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Publication numberUS5132002 A
Publication typeGrant
Application numberUS 07/416,430
Publication dateJul 21, 1992
Filing dateOct 3, 1989
Priority dateOct 5, 1988
Fee statusPaid
Also published asDE68918384D1, EP0362813A2, EP0362813A3, EP0362813B1
Publication number07416430, 416430, US 5132002 A, US 5132002A, US-A-5132002, US5132002 A, US5132002A
InventorsYoshiaki Kato
Original AssigneeHitachi, Ltd.
Export CitationBiBTeX, EndNote, RefMan
External Links: USPTO, USPTO Assignment, Espacenet
Ion analyzer
US 5132002 A
Abstract
A liquid containing ions is introduced onto the surface of an electrode, gas is supplied so that the liquid is moved while being held between the gas and the electrode, an electric field is applied so that the ions are extracted from the liquid, and the extracted ions are detected.
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Claims(17)
What is claimed is:
1. An ion analyzer comprising an electrode having a surface onto which a liquid containing ions is introduced, means for supplying gas so that said liquid is moved while being held between said electrode and said gas, means for generating an electric field so that said ions are extracted, and means for detecting the ions extracted.
2. An ion analyzer comprising an electrode having a surface onto which a liquid containing ions is introduced, means for supplying gas so that said liquid is moved while being held between said electrode and said gas, means for generating an electric field so that said ions are extracted, means for mass-separating the extracted ions, and means for detecting the mass-separated ions.
3. An ion analyzer comprising a column for separating a sample liquid by an elvant flowing therethrough, means for extracting ions in an effluent from said column and means for detecting the extracted ions, said means for extracting ions comprising an electrode having a surface onto which said effluent is introduced, means for supplying gas so that said effluent is moved while being held between said electrode and said gas, and means for generating an electric field so that said ions contained in said effluent moved while being held between said gas and said electrode can be extracted.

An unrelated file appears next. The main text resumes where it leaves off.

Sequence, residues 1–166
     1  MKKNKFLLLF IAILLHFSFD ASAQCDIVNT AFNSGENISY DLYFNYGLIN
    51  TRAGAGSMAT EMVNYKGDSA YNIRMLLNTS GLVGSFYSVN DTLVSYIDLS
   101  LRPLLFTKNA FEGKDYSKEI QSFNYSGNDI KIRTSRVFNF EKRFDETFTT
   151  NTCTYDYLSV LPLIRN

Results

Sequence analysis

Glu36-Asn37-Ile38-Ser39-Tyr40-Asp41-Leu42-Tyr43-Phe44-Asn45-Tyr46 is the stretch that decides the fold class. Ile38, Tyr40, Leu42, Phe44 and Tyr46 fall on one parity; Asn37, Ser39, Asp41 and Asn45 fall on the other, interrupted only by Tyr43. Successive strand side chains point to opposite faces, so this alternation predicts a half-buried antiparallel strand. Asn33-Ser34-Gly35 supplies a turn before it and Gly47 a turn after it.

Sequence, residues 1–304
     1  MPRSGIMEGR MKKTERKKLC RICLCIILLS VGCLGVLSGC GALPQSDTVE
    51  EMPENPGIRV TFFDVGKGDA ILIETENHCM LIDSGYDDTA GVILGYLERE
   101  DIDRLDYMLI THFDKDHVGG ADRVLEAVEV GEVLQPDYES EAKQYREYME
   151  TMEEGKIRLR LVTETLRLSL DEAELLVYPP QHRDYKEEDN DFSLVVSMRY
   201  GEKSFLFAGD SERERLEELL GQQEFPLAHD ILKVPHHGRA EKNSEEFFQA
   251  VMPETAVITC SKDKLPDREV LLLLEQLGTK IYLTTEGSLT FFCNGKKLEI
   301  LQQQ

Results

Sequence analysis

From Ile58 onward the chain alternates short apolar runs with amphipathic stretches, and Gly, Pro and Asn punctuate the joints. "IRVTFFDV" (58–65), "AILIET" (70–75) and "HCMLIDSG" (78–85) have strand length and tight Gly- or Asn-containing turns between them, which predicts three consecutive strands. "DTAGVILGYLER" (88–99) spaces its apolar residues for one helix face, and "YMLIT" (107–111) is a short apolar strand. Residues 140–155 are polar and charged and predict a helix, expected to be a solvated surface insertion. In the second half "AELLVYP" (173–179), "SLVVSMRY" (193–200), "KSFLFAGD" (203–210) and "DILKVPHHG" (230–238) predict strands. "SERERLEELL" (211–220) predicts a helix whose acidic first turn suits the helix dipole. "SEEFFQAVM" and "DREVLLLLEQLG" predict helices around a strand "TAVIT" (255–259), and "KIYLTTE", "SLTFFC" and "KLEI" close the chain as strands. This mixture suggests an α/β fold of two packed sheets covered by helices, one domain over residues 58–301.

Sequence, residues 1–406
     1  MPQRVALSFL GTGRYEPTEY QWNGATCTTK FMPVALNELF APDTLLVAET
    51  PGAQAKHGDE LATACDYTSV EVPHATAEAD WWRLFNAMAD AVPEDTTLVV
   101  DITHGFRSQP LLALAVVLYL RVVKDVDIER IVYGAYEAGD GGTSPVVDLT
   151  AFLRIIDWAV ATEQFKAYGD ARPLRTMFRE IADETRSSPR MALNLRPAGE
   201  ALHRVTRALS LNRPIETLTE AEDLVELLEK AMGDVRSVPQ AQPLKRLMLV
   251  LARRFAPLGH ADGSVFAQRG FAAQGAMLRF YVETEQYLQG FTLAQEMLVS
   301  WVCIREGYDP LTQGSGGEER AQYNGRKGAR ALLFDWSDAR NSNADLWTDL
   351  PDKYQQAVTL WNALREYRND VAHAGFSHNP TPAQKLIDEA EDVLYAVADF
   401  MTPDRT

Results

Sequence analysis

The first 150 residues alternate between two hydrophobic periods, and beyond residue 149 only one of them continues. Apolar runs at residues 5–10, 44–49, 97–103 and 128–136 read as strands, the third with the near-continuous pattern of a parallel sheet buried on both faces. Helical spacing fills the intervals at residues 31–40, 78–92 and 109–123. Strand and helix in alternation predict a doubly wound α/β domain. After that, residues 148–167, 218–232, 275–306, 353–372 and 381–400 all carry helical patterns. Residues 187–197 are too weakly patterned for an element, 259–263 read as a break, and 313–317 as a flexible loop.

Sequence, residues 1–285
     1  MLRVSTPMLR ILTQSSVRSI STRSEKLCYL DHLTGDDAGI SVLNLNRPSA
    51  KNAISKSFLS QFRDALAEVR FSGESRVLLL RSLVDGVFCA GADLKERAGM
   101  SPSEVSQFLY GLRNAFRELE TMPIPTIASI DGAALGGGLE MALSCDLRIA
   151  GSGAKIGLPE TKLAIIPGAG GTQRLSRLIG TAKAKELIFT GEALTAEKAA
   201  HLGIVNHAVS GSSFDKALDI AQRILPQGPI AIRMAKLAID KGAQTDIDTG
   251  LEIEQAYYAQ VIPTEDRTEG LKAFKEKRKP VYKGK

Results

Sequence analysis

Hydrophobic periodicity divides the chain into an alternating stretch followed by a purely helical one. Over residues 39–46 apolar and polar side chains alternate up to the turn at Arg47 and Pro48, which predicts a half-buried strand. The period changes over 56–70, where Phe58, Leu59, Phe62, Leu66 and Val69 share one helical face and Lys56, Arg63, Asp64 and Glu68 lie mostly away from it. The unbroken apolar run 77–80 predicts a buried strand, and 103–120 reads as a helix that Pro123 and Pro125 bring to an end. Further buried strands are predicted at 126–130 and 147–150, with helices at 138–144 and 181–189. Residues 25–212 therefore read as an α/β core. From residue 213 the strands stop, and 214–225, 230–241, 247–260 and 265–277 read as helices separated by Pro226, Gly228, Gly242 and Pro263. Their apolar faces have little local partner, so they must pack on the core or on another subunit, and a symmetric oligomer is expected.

4. An ion analyzer comprising a column for separating a sample liquid by an elvant flowing therethrough, means for extracting ions in an effluent from said column, means for mass-separating the extracted ions and means for detecting the extracted ions, said means for extracting ions comprising an electrode having a surface onto which said effluent is introduced, means for supplying gas so that said effluent is moved while being held between said electrode and said gas, and means for generating an electric field so that said ions contained in said effluent moved while being held between said gas and said electrode can be extracted.
5. An ion extractor comprising an electrode, means for introducing a liquid containing ions onto the surface of said electrode, means for supplying gas so that said liquid is moved while being held between said electrode and said gas, and means for generating an electric field so that said ions are extracted.
6. An ion extractor comprising an electrode, means for introducing a liquid containing ions onto the surface of said electrode, means for supplying gas so that said liquid is moved while being held between said electrode and said gas, and means for applying a voltage to said electrode so that said ions are extracted.
7. An ion extractor comprising an electrode, means for introducing a liquid containing ions onto the surface of said electrode, means for supplying gas so that said liquid is moved while being held between said electrode and said gas, and means for generating an electric field so that said ions are extracted, said gas supply means comprising means for setting the flow rate of said gas so that the speed of movement of said liquid at the surface thereof contacting with said gas is higher than that of said liquid at the surface thereof contacting with the surface of said electrode.